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Ignatius, who is [also called] Theophorus, to the Church which has received grace through the greatness of the Father Most High; to her who presideth in the place of the region of the Romans, who is worthy of God, and worthy of life, and happiness, and praise, and remembrance, and is worthy of prosperity, and presideth in love, and is perfected in the law of Christ unblameable: [wishes] abundance of peace.

Chapter I.



From of old have I prayed to God, that I might be counted worthy to behold your faces which are worthy of God: now, therefore, being bound in Jesus Christ, I hope to meet you and salute you, if it be the will [of God] that I should be accounted worthy to the end. For the beginning is well arranged, if I be counted worthy to attain to the end, that I may receive my portion, without hindrance, through suffering. For I am in fear of your love, lest it should injure me. As to you, indeed, it is easy for you to do whatsoever ye wish; but as to me, it is difficult for me to be accounted worthy of God, if indeed ye spare me not.

Chapter II.

For there is no other time such as this, that I should be accounted worthy of God; neither will ye, if ye be silent, [ever] be found in a better work than this. If ye let me alone, I shall be the word of God; but if ye love my flesh, again am I [only] to myself a voice. Ye cannot give me anything more precious than this, that I should be sacrificed to God, while the altar is ready; that ye may be in one concord in love, and may praise God the Father through Jesus Christ our Lord, because He has deemed a bishop worthy to be God’s, having called him from the east to the west. It is good that I should set from the world in God, that I may rise in Him to life.2

Chapter III.

Ye have never envied any man. Ye have taught others. Only pray ye for strength to be given to me from within and from without, that I may not only speak, but also may be willing, and that I may not merely be called a Christian, but also may be found to be [one]; for if I am found to be [so], I may then also be called [so]. Then [indeed] shall I be faithful, when I am no longer seen in the world. For there is nothing visible that is good. The work is not [a matter3 ] of persuasion; but Christianity is great when the world hateth it.

Chapter IV.

I write to all the Churches, and declare to all men, that I willingly die for the sake of God, if so be that ye hinder me not. I entreat of you not to be [affected] towards me with a love which is unseasonable. Leave me to become [the prey of] the beasts, that by their means I may be accounted worthy of God. I am the wheat of God, and by the teeth of the beasts I shall be ground,4 that I may be found the pure bread of God. Provoke ye greatly5 the wild beasts, that they may be for me a grave, and may leave nothing of my body, in order that, when I have fallen asleep, I may not be a burden upon any one. Then shall I be in truth a disciple of Jesus Christ, when the world seeth not even my body. Entreat of our Lord in my behalf, that through these instruments I may be found a sacrifice to God. I do not, like Peter and Paul, issue orders unto you. They are6 apostles, but I am one condemned; they indeed are free, but I am a slave, even until now. But if I suffer, I shall be the freed-man of Jesus Christ, and I shall rise in Him from the dead, free. And now being in bonds, I learn to desire nothing.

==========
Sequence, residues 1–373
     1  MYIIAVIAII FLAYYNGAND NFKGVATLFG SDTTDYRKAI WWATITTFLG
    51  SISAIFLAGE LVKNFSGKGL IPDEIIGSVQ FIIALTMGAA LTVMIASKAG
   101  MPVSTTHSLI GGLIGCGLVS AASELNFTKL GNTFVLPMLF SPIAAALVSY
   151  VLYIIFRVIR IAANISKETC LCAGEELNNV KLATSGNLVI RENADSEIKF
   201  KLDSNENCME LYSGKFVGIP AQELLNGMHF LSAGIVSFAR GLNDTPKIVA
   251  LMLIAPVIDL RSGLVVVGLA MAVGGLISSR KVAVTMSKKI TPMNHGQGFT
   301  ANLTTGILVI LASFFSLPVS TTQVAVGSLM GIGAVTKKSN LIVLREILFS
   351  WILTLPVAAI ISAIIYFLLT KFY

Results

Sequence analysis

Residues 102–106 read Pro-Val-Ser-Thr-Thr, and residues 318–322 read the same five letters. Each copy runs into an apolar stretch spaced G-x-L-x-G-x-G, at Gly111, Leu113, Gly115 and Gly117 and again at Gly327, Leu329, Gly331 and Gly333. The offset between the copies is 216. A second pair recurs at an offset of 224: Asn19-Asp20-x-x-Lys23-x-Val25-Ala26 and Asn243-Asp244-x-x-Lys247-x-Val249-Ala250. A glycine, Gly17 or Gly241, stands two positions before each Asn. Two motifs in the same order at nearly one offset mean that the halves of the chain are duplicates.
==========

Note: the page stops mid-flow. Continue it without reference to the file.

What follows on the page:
Chapter V.

From Syria, and even unto Rome, I am cast among wild beasts, by sea and by land, by night and by day, being bound between ten leopards, which are the band of soldiers, who, even when I do good to them, all the more do evil unto me. I, however, am the rather instructed by their injurious treatment;7 but not on this account am I justified to myself. I rejoice in the beasts which are prepared for me, and I pray that they may in haste be found for me; and I will provoke them speedily to devour me, and not be as those which are afraid of some other men,8 and will not approach them: even should they not be willing to approach me, I will go with violence against them. Know me from myself what is expedient for me.99 Let no one10 envy me of those things which are seen and which are not seen, that I should be accounted worthy of Jesus Christ. Fire, and the cross, and the beasts that are prepared, cutting off of the limbs, and scattering of the hones, and crushing of the whole body, harsh torments of the devil—let these come upon me, but11 only let me be accounted worthy of Jesus Christ.

Chapter VI.

The pains of the birth stand over against me.12

Chapter VII.